Ruby | Variety of the Mineral Corundum

 

 

unpolished slice of the mineral red corundum

 

 

About the Gemstone Ruby


Ruby is red corundum the second hardest mineral on Earth.  Sapphire which is blue corundum is almost exactly the same stone from a geological perspective with the most significant difference being colour.  Only red corundum is entitled to be called ruby whilst all other colours are known as sapphire.  The presence of chromium is the primary cause for the stone's distinctive red colour.

The similarity between rubies and sapphires has only really been understood since the beginning of the 19th century and until then, red garnets and spinels were also believed to be rubies.  The Black Prince's Ruby and Timur Ruby both incorrectly identified were later found to be spinels.  Spinel comes from the Greek word for spark and is a reference to the gemstone's fiery red colour whilst ruby originates from the Latin word 'ruber' meaning 'red'.

Colour is the most important factor in determining the value of a ruby and the finest grade gemstones command extraordinary prices.  It is however very rare to find a perfect stone and the vast majority of rubies have imperfections or anomalies of some kind.  Millions of years ago whilst growing deep within the core of the earth, the chromium responsible for the stone's distinctive colour also caused a multitude of fissures and cracks within the crystals.  Only a small number of rubies were given exactly the right conditions in which to grow undisturbed and to crystallize to perfection.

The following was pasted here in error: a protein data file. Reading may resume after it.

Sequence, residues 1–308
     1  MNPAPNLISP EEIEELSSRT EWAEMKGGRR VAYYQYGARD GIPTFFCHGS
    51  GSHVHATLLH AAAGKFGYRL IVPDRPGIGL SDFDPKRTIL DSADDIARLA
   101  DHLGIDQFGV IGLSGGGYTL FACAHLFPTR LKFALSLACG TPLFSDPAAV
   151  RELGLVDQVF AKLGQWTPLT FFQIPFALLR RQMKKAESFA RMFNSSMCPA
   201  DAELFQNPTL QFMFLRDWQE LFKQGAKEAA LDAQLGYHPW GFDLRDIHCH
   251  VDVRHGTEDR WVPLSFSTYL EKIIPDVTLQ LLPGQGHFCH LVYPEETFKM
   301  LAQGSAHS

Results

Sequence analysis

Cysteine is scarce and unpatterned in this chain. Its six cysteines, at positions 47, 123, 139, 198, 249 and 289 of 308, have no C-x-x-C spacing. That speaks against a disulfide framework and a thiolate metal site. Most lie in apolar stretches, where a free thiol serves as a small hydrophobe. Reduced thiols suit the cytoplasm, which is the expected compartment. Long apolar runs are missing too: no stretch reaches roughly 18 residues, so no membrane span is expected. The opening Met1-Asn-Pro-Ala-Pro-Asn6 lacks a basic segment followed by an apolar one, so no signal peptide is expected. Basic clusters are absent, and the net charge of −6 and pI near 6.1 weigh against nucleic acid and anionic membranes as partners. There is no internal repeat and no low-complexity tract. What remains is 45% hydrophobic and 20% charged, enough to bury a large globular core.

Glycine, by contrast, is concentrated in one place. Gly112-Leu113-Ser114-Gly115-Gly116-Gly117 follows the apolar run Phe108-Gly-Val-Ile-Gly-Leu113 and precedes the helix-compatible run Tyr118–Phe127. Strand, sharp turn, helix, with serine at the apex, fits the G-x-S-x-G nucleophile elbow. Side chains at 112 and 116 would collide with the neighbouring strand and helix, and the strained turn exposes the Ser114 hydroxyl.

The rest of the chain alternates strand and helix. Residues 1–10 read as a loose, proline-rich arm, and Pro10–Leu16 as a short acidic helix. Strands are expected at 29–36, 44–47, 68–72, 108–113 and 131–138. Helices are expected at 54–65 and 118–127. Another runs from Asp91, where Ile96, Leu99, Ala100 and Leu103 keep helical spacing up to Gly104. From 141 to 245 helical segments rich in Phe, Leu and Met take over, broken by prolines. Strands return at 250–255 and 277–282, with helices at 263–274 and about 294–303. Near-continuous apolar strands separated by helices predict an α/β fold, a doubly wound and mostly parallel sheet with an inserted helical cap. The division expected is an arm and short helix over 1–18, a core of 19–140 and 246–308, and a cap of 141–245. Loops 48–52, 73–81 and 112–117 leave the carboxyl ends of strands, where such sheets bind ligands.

An important mining area during the 1990's was a small town in North East Myanmar (formerly Burma).  Rubies that were initially discovered at this location were not expected to be classified as gem grade because they displayed two colours, a purple to black core and bright red periphery.  It was only after it was discovered that the colour of the core could be changed to a deeper shade of red by heating the ruby that its value increased dramatically.

Ruby can be found in a number of locations worldwide and about 90% are heat treated in order to enhance or change their colour.  It's usually the rough stone that's heated before cutting begins and an unheated rubies are considered to be extremely unusual.

Ruby is believed to have been the first stone in the first row of the high priest breastplate also known as the breastplate of Aaron.  This religious garment was worn during biblical times by the Jewish high priest when presenting himself to God.   

Ruby which is red corundum is graded 9 on Mohs scale of mineral hardness.  It's the birthstone for the month of July with onyx being an alternative.

 

 

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Further Reading

Information from Wikipedia